The art of being inefficient

So there’s not many things I actively emphasize about being Dutch or Northern European, but direct communication and efficiency are. Having lived in China for about 4 years, I have experienced the differences and adapted many times.

Of course this is partly because ‘When in Rome do as the Romans do’. At the same time, there is also a sort of fatalistic mentality that even if you would try your hardest to change the process or way things go, it will not happen and make nobody any happier in the process either.

After my washing machine soap, I hoped I would be free of repairs for a while. Alas, I had tried to ignore the bubbles on the wall of my covered balcony, which slowly started to grow moldy. Once it seemed the wall would be able to move by itself any minute now, I caved and started the repair process.

Since I rent through an official agency, the process seemed to be relatively straightforward. Just choose which part of your home needed to get repaired through the app, take a few pictures, add some relevant comments, choose the convenient timing and then you’ll automatically be assigned a repairman or woman.

These processes do go very quickly in China, so after providing all the information in the morning, I already got contacted by a repair guy in a few hours. We agreed to him coming at a certain time in the afternoon and I minded my own business. When the time arrived that he was supposed to come, I did not really pay attention and decided to sit it out and see how long it would take. He was an hour late. Oh well, what can you do.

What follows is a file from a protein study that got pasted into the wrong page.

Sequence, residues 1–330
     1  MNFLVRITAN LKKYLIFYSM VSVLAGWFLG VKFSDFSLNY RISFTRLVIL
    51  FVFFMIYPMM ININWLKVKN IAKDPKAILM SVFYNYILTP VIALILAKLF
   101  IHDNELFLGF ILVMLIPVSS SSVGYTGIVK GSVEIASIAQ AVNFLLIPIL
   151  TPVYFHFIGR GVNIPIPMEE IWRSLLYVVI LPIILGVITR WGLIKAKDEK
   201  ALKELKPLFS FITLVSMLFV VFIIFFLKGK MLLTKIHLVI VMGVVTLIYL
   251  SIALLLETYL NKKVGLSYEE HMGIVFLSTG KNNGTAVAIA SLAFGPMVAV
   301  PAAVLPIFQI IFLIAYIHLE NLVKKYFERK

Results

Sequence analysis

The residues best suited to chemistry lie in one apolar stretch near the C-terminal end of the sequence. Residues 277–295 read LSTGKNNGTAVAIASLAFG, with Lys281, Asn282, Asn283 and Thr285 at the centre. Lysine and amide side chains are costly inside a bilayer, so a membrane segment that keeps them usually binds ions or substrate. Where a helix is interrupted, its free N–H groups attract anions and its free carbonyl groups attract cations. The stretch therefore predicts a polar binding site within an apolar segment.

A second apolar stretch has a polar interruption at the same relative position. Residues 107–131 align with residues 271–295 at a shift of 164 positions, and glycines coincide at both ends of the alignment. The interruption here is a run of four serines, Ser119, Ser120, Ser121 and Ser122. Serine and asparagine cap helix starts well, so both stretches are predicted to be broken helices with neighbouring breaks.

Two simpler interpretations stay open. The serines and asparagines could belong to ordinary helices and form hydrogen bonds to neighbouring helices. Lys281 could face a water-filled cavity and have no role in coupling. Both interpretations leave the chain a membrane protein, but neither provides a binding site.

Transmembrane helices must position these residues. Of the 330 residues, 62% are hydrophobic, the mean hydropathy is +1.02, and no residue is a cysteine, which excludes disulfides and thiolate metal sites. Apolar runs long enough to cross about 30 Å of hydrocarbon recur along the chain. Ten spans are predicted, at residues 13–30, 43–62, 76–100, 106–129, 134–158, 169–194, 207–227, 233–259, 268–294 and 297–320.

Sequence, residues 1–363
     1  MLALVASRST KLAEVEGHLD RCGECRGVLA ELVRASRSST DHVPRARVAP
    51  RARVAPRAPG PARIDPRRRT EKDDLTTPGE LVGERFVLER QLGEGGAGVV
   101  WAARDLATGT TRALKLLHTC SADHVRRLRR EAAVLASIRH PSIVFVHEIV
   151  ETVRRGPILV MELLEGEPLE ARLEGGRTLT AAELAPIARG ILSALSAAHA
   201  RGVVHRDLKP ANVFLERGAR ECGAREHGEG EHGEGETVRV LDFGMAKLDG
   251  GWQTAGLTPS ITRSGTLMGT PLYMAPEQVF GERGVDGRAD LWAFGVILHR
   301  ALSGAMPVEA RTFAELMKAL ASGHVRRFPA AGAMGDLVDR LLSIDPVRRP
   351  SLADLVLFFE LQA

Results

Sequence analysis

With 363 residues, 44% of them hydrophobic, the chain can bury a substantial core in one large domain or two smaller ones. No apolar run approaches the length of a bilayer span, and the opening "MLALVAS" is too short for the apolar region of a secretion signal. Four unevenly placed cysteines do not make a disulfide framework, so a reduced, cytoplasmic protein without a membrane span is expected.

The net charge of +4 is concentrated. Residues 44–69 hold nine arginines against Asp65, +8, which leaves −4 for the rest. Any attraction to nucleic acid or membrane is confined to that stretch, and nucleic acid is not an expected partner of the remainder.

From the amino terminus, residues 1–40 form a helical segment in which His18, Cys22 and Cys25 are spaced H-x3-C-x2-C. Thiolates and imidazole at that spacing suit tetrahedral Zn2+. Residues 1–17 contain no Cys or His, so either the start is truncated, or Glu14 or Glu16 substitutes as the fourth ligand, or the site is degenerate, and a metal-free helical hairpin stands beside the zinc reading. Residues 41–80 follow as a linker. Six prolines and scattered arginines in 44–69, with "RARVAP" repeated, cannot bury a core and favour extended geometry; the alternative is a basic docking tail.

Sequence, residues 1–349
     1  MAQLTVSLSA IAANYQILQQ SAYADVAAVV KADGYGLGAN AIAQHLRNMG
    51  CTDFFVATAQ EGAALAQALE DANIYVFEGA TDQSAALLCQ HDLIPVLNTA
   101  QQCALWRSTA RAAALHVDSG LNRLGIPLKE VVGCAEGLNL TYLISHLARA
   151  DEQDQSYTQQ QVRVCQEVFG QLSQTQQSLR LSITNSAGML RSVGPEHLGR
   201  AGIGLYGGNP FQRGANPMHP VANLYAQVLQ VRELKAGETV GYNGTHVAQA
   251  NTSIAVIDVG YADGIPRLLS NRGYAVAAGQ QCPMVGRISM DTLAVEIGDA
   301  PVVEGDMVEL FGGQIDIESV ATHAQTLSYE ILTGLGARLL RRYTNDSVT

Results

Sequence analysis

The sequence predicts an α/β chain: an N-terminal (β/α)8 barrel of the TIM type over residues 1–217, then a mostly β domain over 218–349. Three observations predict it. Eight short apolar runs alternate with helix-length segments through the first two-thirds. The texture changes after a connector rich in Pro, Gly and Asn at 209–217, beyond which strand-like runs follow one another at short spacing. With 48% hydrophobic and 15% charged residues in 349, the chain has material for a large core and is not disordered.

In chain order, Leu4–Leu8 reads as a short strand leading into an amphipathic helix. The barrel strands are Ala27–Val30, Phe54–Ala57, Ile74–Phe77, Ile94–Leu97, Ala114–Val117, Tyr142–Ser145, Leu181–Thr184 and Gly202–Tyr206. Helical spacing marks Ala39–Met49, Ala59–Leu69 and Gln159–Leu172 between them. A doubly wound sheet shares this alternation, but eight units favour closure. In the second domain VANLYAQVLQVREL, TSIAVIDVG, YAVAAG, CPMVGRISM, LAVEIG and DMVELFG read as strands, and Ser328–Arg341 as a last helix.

To those who remember my last series on repairing stuff in your house in China, it probably will not surprise you what happened next. A guy knocked on my door, looked at my wall, took some photos and told me he would inform someone else come again to repair. Wash, rinse, repeat.

Long story short, I had 2 more people coming (not on time as well of course) and taking photos again. After the third person not actually doing anything, I was just not very motivated to continue with the process. But, after that third person someone actually came to fix the wall, hallelujah!

The only thing was, after asking him about the leak in the roof, he said: “I’m not responsible for that. You’ll need to get on the roof, ask your account manager about the arrangement for that.” Another long story short, I asked my account manager, then the management of the complex, then the agency’s central customer service, and then another account manager again, just to get the same guy to now ‘be allowed’ to go on the roof to further fix things.

In other words, it was Chinese communication at its finest and most effective. Most importantly, it has been raining quite a lot the past few days and I have been eagerly eyeing my wall. It seems like I will be able to give the guy some more work pretty soon again.

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